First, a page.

As usual, the SOS booth had phenomenal giveaways. This year you needed a lucky roll of the super-sized, inflated dice. We also had our much-anticipated cash giveaway at the final break. We recorded over 250 booth visitors, making it one of our busiest years ever!

As previously noted, SOS spoke on a record five panels this year! Elizabeth Dodge, Christine Zwerling, Steve Gaylord, Andrea Best, and Sorrell Johnson brought their A game to Vegas while squeezing in client work on the side.  

NASPP 2015 was announced for October 27-30 in sunny San Diego, California. We hope to see you there!

Shawna Casey
Associate Director, Marketing
Stock & Option Solutions
scasey@sos-team.com

Aspirations Fever 

Our fourth annual Aspirations on November 4, 2014, is fast approaching. The conference, a unique event which focuses on the issues facing those managing stock plans at private/IPO companies, will be held again this year at Villa Ragusa in the heart of the Silicon Valley. We have announced the speakers, the schedule, the credits offered (CEP, CLE, and CPE) and now a look at the overflowing vendor hall:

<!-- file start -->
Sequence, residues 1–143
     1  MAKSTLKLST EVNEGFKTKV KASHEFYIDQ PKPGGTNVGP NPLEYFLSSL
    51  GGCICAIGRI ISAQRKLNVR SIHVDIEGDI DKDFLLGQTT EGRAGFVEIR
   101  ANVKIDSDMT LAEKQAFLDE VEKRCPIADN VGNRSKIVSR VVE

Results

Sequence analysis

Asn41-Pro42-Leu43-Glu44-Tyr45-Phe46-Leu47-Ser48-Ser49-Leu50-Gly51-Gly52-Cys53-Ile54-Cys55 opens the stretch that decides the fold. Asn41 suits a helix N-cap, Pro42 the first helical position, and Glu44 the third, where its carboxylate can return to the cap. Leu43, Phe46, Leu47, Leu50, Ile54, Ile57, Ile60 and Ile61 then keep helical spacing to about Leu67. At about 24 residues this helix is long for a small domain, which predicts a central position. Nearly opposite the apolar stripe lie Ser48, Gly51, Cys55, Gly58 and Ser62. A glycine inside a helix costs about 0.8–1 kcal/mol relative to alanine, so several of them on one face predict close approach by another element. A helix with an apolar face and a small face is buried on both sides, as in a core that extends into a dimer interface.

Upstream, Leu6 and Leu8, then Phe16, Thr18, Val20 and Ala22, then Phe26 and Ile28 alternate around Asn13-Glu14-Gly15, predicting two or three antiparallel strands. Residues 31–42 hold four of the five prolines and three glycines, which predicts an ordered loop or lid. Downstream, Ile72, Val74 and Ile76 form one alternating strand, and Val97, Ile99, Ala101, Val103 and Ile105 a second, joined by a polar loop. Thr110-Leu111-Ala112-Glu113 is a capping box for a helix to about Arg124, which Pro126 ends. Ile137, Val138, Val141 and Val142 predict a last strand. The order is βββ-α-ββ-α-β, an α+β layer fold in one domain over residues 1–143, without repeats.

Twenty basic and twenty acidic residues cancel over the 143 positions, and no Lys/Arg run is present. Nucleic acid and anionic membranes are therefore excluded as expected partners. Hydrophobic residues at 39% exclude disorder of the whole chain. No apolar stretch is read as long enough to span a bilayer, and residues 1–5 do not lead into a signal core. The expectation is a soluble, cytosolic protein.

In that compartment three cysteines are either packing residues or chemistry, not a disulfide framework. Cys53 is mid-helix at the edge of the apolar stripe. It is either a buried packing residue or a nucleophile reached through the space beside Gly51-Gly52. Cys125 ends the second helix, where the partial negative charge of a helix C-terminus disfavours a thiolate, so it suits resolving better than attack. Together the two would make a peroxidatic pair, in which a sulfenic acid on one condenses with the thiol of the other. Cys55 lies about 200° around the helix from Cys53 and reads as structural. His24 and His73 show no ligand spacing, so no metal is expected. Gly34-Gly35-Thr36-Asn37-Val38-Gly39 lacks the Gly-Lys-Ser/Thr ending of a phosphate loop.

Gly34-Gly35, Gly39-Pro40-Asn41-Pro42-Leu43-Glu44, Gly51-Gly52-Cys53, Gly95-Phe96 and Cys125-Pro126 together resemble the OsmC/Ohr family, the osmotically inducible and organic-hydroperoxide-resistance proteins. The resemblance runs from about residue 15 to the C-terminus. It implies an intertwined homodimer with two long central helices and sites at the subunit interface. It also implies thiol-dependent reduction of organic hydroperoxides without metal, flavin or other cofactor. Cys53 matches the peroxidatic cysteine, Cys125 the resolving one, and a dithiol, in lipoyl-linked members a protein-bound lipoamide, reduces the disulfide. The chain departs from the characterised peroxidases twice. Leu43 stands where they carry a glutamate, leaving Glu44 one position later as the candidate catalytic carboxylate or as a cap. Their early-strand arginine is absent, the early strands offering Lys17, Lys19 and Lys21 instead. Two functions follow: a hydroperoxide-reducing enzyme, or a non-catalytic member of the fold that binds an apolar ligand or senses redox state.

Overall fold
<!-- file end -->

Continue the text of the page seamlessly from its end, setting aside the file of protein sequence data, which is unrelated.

We are pleased to partner with the following Aspirations sponsors: 

With the incredible, content-rich agenda, unparalleled speakers, lively vendor hall, and the comfortable and convenient venue, Aspirations will be your favorite conference this fall. Don't miss this event.
 

Shawna Casey
Associate Director, Marketing
Stock & Option Solutions
scasey@sos-team.com

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We want your input! Send us ideas on what you want to read and learn about.
Suggestions for articles and webcasts are welcome. Please email us at xtra@sos-team.com.


SOS Online Demos

Julie Kenia works through Transpose, a helpful tool for Stock Plan Professionals

Steve Gaylord demonstrates how Access is the perfect tool for data validation


Register